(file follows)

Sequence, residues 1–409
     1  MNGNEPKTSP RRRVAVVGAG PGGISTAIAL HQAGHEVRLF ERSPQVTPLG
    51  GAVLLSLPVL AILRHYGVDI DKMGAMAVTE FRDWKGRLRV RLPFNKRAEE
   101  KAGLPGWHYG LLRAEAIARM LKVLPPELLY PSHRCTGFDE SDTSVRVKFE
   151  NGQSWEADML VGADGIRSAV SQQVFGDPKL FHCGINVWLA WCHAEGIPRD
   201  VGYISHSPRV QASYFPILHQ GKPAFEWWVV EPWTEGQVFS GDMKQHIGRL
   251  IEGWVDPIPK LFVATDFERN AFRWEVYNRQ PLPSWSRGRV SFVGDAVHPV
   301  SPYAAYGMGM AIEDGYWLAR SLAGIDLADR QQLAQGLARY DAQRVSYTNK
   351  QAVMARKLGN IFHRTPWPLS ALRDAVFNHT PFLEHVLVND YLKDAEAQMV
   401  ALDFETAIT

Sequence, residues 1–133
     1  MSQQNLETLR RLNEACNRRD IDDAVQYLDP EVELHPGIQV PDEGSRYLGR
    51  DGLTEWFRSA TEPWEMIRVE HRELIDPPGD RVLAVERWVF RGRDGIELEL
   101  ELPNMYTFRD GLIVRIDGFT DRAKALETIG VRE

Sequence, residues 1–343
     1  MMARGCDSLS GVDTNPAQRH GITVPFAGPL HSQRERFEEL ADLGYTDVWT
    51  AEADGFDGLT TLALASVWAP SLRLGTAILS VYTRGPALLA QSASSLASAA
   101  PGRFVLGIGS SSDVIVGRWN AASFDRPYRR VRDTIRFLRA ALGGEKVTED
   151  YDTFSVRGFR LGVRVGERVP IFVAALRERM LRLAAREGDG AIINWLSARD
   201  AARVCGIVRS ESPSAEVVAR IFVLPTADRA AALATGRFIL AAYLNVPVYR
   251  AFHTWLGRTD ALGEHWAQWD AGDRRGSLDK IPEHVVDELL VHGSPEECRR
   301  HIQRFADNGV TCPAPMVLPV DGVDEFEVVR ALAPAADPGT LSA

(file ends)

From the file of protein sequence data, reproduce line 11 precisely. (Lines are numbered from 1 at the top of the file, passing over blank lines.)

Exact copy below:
Sequence, residues 1–133